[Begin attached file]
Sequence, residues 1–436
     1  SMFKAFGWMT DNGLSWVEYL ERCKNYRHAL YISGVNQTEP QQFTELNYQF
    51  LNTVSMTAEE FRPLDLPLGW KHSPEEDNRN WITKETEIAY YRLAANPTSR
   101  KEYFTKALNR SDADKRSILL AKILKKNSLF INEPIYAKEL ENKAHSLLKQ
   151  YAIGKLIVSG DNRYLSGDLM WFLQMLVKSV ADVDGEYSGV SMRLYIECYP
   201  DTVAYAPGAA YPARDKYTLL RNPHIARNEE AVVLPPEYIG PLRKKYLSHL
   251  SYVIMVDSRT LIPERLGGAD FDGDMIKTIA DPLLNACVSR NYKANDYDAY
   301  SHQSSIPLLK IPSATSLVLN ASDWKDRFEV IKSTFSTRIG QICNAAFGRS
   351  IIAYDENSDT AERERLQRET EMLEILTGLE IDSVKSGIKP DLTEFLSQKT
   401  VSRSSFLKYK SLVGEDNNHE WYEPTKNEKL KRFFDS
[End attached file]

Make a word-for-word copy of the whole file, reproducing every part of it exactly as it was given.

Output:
Sequence, residues 1–436
     1  SMFKAFGWMT DNGLSWVEYL ERCKNYRHAL YISGVNQTEP QQFTELNYQF
    51  LNTVSMTAEE FRPLDLPLGW KHSPEEDNRN WITKETEIAY YRLAANPTSR
   101  KEYFTKALNR SDADKRSILL AKILKKNSLF INEPIYAKEL ENKAHSLLKQ
   151  YAIGKLIVSG DNRYLSGDLM WFLQMLVKSV ADVDGEYSGV SMRLYIECYP
   201  DTVAYAPGAA YPARDKYTLL RNPHIARNEE AVVLPPEYIG PLRKKYLSHL
   251  SYVIMVDSRT LIPERLGGAD FDGDMIKTIA DPLLNACVSR NYKANDYDAY
   301  SHQSSIPLLK IPSATSLVLN ASDWKDRFEV IKSTFSTRIG QICNAAFGRS
   351  IIAYDENSDT AERERLQRET EMLEILTGLE IDSVKSGIKP DLTEFLSQKT
   401  VSRSSFLKYK SLVGEDNNHE WYEPTKNEKL KRFFDS